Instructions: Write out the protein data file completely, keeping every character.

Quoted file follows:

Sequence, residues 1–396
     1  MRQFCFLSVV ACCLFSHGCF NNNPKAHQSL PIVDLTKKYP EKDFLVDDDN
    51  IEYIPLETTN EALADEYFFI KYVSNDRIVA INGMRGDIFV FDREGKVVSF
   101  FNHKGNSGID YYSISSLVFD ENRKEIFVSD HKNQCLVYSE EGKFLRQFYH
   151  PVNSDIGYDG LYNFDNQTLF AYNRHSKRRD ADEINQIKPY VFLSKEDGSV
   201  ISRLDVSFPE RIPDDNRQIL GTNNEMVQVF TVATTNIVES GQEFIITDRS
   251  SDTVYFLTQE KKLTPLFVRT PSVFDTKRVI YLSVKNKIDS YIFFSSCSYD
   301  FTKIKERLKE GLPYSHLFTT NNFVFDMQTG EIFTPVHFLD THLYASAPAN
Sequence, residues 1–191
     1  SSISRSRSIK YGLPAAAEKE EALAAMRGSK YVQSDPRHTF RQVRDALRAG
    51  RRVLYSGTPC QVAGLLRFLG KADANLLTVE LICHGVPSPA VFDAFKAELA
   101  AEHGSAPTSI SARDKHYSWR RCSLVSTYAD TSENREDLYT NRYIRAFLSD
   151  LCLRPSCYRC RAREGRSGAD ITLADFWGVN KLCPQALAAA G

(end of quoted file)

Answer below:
Sequence, residues 1–396
     1  MRQFCFLSVV ACCLFSHGCF NNNPKAHQSL PIVDLTKKYP EKDFLVDDDN
    51  IEYIPLETTN EALADEYFFI KYVSNDRIVA INGMRGDIFV FDREGKVVSF
   101  FNHKGNSGID YYSISSLVFD ENRKEIFVSD HKNQCLVYSE EGKFLRQFYH
   151  PVNSDIGYDG LYNFDNQTLF AYNRHSKRRD ADEINQIKPY VFLSKEDGSV
   201  ISRLDVSFPE RIPDDNRQIL GTNNEMVQVF TVATTNIVES GQEFIITDRS
   251  SDTVYFLTQE KKLTPLFVRT PSVFDTKRVI YLSVKNKIDS YIFFSSCSYD
   301  FTKIKERLKE GLPYSHLFTT NNFVFDMQTG EIFTPVHFLD THLYASAPAN
Sequence, residues 1–191
     1  SSISRSRSIK YGLPAAAEKE EALAAMRGSK YVQSDPRHTF RQVRDALRAG
    51  RRVLYSGTPC QVAGLLRFLG KADANLLTVE LICHGVPSPA VFDAFKAELA
   101  AEHGSAPTSI SARDKHYSWR RCSLVSTYAD TSENREDLYT NRYIRAFLSD
   151  LCLRPSCYRC RAREGRSGAD ITLADFWGVN KLCPQALAAA G